**MPG-Based Approach**

Tom,

Thanks for checking your model against the EPA MPG test profiles. In my earlier post I assumed GM would just use the US06 profile to calculate the range. Upon further investigation, I agree this is incorrect as US06 is too aggressive. Although I do find it encouraging that your model predicts the Volt would still achieve almost 30 miles all electric using that profile.

Anyway, inspired by your results, I dove head first in to the EPA Final Technical Support Document EPA420-R-06-017, which details the revisions to improve the calculation of fuel economy estimates that became effective with model year 2008.

**www.epa.gov/fueleconomy/420r06017.pdf**

If I were GM, I would base my range estimate for the Volt using a “combined range estimate” extrapolated from the technique the EPA uses to calculate the combined MPG. The EPA calculates the combined fuel economy by weighting the city at 55 percent and the highway at 45 percent using the following equation:

FE combined = (55% x City FE) + (45% x HWY FE)

Using this equation and substituting range for MPG, results in the following “combined range” equation:

Range Combined = (55% x city range) + (45% x hwy range)

Plugging in the raw range numbers your model predicted for City and Hwy range yields a combined range of

**.**

__39.9 miles__Range Combine = (55% x 40.2) + (45% x 39.6) = 39.93.

For pre-2008 model year vehicles, the city and highway tests (I understand these are the 2 profiles you ran in your model, in addition to US06) were adjusted downward to account for typical road conditions that can affect fuel economy, such as higher speeds, cold temperature, and use of air conditioning. The city results were adjusted downward by 10 percent and the highway results were reduced by 22 percent. I know this is deep into the specifics, but didn’t you state your model includes allowances for headwinds, grades, A/C load, etc? I believe the answer is yes, and if correct, your model’s range predictions would appear to agree with GM’s claims!

HOWEVER, for 2008 and later model year vehicles, the fuel economy label estimates are determined by either performing the entire set of five tests on the test vehicle (see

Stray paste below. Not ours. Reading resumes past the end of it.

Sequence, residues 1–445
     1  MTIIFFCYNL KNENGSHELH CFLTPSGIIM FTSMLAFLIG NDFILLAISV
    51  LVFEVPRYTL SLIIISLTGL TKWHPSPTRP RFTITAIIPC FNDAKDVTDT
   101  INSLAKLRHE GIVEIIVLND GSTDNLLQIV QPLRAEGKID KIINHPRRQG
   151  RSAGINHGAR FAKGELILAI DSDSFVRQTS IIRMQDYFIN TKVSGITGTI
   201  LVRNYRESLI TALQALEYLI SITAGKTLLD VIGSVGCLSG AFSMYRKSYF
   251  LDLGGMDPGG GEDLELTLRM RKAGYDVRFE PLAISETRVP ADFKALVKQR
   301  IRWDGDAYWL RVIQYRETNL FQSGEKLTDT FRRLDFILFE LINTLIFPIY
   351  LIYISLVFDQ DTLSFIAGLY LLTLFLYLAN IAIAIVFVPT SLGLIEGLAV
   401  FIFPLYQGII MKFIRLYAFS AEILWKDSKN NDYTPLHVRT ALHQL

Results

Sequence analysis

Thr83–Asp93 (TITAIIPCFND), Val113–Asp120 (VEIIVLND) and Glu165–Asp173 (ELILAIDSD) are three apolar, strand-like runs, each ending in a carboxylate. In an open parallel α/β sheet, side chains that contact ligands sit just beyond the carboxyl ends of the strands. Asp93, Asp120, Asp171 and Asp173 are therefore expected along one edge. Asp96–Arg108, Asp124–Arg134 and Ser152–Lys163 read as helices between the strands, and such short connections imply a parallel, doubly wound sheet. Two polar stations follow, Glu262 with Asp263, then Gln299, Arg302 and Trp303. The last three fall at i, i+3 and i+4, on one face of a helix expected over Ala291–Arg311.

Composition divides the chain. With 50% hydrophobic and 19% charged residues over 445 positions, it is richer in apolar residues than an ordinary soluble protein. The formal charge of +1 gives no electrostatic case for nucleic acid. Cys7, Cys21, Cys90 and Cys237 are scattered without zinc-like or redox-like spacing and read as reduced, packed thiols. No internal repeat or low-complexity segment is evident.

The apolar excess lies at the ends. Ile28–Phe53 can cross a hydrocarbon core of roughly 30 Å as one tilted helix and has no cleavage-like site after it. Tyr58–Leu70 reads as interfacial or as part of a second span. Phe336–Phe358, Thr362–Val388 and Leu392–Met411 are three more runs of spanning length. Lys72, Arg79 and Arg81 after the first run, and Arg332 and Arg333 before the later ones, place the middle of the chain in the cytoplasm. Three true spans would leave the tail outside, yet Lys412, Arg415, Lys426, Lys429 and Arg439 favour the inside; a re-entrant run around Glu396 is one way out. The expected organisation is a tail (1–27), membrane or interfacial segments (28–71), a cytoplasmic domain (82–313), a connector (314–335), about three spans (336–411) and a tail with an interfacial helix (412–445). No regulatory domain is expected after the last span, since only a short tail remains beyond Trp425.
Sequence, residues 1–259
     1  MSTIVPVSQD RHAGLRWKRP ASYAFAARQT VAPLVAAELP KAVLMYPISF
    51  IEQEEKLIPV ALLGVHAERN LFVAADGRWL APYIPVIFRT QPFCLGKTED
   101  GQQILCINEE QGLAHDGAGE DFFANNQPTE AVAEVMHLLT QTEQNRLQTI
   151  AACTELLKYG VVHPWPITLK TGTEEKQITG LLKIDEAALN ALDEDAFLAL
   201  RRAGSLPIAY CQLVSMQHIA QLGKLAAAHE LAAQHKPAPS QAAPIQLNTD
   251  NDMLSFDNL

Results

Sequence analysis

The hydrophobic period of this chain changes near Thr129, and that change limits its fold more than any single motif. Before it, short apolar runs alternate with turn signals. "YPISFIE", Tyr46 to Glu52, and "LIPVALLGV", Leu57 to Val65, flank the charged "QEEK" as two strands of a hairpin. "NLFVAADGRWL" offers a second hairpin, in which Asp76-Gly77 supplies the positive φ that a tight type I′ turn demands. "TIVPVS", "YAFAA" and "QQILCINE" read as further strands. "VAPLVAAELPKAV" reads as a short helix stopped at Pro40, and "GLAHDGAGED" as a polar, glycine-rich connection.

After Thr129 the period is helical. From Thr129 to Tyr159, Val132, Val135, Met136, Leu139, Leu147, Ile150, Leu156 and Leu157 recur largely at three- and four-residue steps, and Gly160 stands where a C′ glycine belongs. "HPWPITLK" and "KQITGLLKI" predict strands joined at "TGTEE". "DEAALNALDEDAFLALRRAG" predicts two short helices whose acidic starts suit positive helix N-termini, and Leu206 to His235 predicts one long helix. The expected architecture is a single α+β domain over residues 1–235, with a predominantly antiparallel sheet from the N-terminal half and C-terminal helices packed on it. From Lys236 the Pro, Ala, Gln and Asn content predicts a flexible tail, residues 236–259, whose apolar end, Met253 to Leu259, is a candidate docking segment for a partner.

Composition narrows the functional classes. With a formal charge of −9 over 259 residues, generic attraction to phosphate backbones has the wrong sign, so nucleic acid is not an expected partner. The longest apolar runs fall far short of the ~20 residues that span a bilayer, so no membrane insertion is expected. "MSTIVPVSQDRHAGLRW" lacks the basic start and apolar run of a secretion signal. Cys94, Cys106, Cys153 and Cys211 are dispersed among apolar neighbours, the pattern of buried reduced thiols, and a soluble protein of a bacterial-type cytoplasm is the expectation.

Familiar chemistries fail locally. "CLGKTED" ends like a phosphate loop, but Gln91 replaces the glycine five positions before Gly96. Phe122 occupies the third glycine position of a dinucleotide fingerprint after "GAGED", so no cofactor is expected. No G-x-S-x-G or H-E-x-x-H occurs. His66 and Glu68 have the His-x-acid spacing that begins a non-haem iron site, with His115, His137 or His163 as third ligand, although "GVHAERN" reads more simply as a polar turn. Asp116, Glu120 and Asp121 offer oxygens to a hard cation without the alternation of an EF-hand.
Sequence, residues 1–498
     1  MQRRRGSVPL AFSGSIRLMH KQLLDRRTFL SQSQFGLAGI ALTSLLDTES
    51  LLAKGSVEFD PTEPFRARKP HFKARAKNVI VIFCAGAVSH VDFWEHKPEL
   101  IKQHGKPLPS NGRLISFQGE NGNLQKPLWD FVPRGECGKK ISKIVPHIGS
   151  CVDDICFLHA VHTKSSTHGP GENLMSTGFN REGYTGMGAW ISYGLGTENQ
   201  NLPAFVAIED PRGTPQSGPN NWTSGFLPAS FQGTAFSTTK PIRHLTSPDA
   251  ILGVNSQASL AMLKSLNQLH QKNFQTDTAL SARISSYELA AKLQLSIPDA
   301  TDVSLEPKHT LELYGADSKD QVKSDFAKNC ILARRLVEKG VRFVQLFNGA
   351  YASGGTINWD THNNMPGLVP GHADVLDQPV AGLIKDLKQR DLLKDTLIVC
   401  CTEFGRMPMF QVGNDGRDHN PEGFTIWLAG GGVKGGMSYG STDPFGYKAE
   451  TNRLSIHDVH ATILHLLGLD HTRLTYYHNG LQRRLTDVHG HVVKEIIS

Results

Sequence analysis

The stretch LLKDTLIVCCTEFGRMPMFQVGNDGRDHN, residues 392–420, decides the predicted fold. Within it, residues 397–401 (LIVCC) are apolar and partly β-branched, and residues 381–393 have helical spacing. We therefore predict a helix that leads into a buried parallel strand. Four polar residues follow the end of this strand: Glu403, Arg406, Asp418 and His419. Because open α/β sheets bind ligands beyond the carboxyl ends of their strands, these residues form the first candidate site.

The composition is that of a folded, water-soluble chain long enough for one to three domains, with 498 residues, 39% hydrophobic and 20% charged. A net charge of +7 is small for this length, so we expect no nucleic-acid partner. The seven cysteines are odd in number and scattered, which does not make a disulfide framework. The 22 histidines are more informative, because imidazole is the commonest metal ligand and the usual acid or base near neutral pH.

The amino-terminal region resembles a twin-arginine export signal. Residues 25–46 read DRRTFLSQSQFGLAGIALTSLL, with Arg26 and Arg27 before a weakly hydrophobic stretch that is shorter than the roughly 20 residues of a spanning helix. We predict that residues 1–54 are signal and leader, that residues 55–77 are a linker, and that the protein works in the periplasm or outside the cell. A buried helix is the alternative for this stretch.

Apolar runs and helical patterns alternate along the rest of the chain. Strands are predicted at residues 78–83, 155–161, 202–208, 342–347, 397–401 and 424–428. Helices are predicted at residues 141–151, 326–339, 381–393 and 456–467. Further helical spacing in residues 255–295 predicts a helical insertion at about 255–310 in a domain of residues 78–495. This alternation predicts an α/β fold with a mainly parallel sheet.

**http://www.epa.gov/fueleconomy/420f07066.htm#calc**), and using that data to calculate city and highway estimates, or by applying mathematical derived linear regression equations to the basic data from the city and highway tests to obtain estimates that simulate the effects of all five test cycles. The second approach is referred to as the mpg-based approach, since the resultant label adjustment will vary depending on the measured fuel economy (i.e., mpg) of a vehicle over the FTP and HFET tests, and will not require any additional tests. (See pages 2 and 5, EPA420-R-06-017)

The mpg-based approach is the following:

MPG based city FE = 1 / (.003259 + 1.18053/FTP FE),

where FTP FE = City test/profile

MPG based highway FE = 1 / (.001376 + 1.3466/HFET FE),

where HFET FE = Highway test/profile

For example, substituting ranges for fuel efficiencies, and using the range values predicted by your model yields the following ranges:

MPG based city range = 1 / (.003259 + 1.18053/CITY RANGE)

MPG based city range = 1 / (.003259 + 1.18053/40.2)

MPG based city range = 30.7 miles

MPG based highway range = 1 / (.001376 + 1.3466/HWY RANGE)

MPG based highway range = 1 / (.001376 + 1.3466/39.6)

MPG based highway range = 28.3 miles

And using these values to calculate a MPG based combined range yields

MPG based combined range = (55% x 30.7) + (45% x 28.3)

MPG based combined range = 29.6 miles

As a check, it would be interesting to remove the "typical road conditions" (headwinds, grades, A/C load, etc.) parameters in your model , and recalculate the HWY and City Ranges. Then plug these values for HWY and City ranges into the MPG based approached as a check? I’m guessing this is what GM is doing, and predict it should also equal approximately 40 miles. If correct, this result would be additional confirmation that your model and assumptions are pretty darn good, thus it would be reasonable to assume the ranges it is predicting at different sustained speeds is also accurate.